The trial judge in the United States District Court for the Middle District of Pennsylvania ordered a bell weather trial where five representative families would present their cases. Diane Beemer was stricken ill and died two months before the first trial, depriving her from participating in what would have been the crowning achievement of a career devoted to environmental justice. After plaintiffs won verdicts in two trials, a global settlement was achieved. The Scranton Tribune reported the litigation was "The largest piece of environmental litigation filed in the U. S. District Court for the Middle District of Pennsylvania" and that the case "was cited by other Federal Courts throughout the United States and undoubtedly will serve as a legal foundation for future environmental cases."
In 2011, Attorneys Beemer and Williams won a $11,500.00 settlement for hundreds of people living in the Abington area who were victims of contamination from tenants of The Ivy Industrial Park, Ginader v. Sandvik Steel.
In 2014 Attorneys Beemer and Williams won the first award in Pennsylvania against a fracking company for contaminating a water supply as a result of the fracking process, Place v. Chesapeake Energy.
In 2015, Attorneys Beemer and Williams won a settlement of $13,750,000 on behalf of several hundred individuals and businesses for damages from vapor intrusion, a cutting edge topic in environmental law. The Plaintiffs' homes and businesses were contaminated when volatile organic chemicals entered the groundwater and turned into a toxic gas in Endicott, New York.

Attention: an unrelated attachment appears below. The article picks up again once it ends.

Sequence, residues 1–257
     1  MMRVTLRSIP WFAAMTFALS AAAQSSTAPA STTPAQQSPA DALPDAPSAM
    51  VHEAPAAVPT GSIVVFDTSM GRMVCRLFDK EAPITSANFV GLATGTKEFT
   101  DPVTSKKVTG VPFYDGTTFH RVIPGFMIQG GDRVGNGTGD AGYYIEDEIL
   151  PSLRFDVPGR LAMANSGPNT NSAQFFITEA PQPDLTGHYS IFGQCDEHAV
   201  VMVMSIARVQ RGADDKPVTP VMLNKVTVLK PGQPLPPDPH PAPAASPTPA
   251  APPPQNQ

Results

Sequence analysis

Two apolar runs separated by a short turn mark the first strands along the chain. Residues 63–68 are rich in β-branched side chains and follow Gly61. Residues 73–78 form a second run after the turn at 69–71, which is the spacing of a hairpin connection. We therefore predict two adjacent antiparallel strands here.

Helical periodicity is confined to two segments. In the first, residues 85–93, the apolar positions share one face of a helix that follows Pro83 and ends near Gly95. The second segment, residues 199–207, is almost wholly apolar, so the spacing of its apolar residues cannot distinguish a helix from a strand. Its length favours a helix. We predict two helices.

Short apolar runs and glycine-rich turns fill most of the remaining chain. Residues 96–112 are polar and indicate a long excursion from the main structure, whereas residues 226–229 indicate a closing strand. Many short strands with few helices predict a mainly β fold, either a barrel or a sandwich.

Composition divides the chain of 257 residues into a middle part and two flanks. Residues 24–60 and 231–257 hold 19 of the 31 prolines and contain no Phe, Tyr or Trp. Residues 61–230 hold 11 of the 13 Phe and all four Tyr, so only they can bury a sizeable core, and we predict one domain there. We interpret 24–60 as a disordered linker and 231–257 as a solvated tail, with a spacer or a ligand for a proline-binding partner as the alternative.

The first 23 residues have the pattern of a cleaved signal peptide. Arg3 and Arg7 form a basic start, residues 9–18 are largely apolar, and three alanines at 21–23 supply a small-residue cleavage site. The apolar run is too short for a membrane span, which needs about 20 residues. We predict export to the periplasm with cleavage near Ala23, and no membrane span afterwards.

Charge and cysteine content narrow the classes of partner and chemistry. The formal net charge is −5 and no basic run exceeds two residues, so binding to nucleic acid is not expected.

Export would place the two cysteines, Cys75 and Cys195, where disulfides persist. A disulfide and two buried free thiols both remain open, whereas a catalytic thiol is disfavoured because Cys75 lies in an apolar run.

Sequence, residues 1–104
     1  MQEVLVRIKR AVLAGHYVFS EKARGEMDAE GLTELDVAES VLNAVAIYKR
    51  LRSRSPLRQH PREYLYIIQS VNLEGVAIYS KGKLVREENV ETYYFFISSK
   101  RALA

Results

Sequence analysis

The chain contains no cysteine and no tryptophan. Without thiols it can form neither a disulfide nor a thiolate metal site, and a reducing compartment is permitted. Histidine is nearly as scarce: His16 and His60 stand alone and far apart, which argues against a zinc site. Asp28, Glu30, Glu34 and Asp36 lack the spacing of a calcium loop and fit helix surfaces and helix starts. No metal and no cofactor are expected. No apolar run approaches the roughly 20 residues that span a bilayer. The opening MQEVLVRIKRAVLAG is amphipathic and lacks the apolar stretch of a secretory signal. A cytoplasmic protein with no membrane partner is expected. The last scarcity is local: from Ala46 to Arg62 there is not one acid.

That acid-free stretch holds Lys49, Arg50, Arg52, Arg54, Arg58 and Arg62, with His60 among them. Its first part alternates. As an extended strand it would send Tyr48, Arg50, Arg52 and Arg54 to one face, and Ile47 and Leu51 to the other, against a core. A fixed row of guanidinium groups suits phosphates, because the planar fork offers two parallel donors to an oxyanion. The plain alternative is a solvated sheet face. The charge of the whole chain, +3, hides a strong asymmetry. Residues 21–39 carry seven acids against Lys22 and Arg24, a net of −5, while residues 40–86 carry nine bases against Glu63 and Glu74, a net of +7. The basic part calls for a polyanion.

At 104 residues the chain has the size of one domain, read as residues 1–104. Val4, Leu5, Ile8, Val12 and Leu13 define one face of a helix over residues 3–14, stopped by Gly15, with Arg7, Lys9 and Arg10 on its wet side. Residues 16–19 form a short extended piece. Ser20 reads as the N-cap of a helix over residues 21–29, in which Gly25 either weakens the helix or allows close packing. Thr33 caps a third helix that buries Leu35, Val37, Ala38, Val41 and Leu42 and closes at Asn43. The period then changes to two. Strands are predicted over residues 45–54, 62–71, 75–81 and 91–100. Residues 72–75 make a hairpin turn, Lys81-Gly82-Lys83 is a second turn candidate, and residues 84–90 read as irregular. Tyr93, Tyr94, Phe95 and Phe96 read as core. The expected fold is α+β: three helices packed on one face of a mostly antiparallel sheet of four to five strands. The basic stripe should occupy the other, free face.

Attorney Beemer was named a Pennsylvania Superlawyer in environmental law by Philadelphia Magazine.
In 1986, The Scranton Tribune reported a $1,010,000 jury verdict Attorney Beemer won "is believed to be the largest in a personal injury case in the history of Lackawanna County."
In the criminal arena, one of the most difficult cases to defend is when there is a confrontation with a U. S. Marshall who is in the performance of his duties.
In the case of the United States of America v. Inglis, the Federal Government had seized private property from families that had owned the property for generations in order to develop the Tocks Island National Park.
The project fell through and so called "squatters" moved into the abandoned homes which caused a huge public outcry.
A heavily armed Task Force of Federal agents proceeded to serve Complaints on the squatters, the first step in evicting them from the premises.
In the process of serving a woman squatter, a U. S. Marshal attempted to remove her from the house. Inglis intervened and a struggle between Inglis and the Marshal ensued.
Attorney Beemer persuaded the jury that the Marshal was using excessive force in his confrontation with the woman and that Inglis was justified in going to her assistance.
The first trial ended in a hung jury but the jury in the second trial acquitted Inglis. Attorney Beemer defended Anthony Bruno in one of the most controversial homicide cases in Lackawanna County history. The case illustrates how inaccurate media coverage can contribute to misinformation which fuels hysteria greatly prejudicing a defendant's right to a fair trial.